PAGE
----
By Larry Schiro
The recent news that the Pittsburgh Post-Gazette has dropped its Saturday edition has me concerned for my daily paper. Is this the portent of things to come here in Buffalo?
I am a reader of this daily newspaper. I say so in spite of criticism by many younger people who call me a dinosaur for doing so. I am frequently saying to many people, “Did you see the article on ... in today’s paper?”
I usually get a blank stare from the many people who are years younger than me, with a snide comment like, “What’s the paper?”
I began my love affair with the daily paper in 1963 while delivering the now defunct Courier-Express. Getting up at 5:30 a.m. to deliver my 36 papers in Niagara Falls afforded me the opportunity to learn to read the paper every day while walking my route on 27th Street.
I scoured the sports pages for anything baseball-related so I could be more informed than my buddies as we walked to school. I became a Bills fan reading the stories by Jim Peters and Phil Ranallo. Gil Thorpe was my favorite high school coach as he guided the fictional Milford High School through each sports season on the comic pages.
What has happened to the newspaper today? Well, nothing. The baseball scores and stories appear every day, the Bills and Sabres are still playing. There is still sports information to scour every day.
Somehow today’s younger generation, and even many older folks, don’t see the value of that daily printed paper. The internet and other electronic media deliver the news to so many today. The reliance on “the paper” is diminishing, against my liking.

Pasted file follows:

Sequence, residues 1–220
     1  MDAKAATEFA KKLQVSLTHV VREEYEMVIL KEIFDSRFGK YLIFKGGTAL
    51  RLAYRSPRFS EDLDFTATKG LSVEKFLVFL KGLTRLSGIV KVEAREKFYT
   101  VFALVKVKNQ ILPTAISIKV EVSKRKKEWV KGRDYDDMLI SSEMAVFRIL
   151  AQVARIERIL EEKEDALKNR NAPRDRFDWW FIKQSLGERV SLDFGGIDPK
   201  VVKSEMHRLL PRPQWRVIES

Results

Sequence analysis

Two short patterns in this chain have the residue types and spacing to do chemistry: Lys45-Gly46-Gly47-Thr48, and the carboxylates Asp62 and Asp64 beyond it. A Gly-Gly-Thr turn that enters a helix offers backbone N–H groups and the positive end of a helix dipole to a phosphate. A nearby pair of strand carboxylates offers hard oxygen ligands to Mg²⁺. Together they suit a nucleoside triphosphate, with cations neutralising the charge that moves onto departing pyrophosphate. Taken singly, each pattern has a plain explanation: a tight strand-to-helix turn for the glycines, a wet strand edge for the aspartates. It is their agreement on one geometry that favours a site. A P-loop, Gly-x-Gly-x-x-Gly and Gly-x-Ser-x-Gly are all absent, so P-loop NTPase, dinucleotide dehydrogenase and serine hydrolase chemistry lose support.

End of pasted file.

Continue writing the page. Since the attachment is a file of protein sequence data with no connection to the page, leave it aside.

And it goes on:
The multitude of information that is contained in the paper is so rich and informative. I was told once that if you were to read the paper every day it was the equivalent of a four-year liberal arts education.
Besides the sports pages, it contains many national and international stories in much more detail than the daily TV news can deliver. Editorial commentary by noted writers from the biggest papers in the country appears every day. Their writing skills and political commentary give us perspectives from around the country.
Yes, the electronic media can give us up-to-the minute news information that a printed paper must wait until the next day to do. Even this paper has been publishing electronically for a few years now. But nothing rivals the feel and smell of the newsprint with my morning coffee. The excitement of reading the headlines of Page One is my daily ritual. I look with great anticipation for the morning newspaper.
When I was teaching I would frequently cut out articles from the paper and post them on the walls in my classroom. The stories varied, but many were about my students’ accomplishments. Can this be done electronically? No. I can send a link or post it on social media, but somehow that doesn’t have the same effect as seeing one’s name in print. Many times I find articles that I cut out and save or send to my daughter out of town.
When I read other contributors to this column, I think we all must be members of AARP to get published. I guess they also are among the “dinosaurs” left roaming the planet who also read the daily paper. Do young people shun us for being newspaper readers?
I think if we begin to write in their code with many LOLs, IDKs and a few emoji, they might begin to read the paper, too. I am afraid the long term fate of the paper is going the way of “Extra, extra, read all about it!”
Larry Schiro, of Williamsville, likes the smell of newsprint in the morning.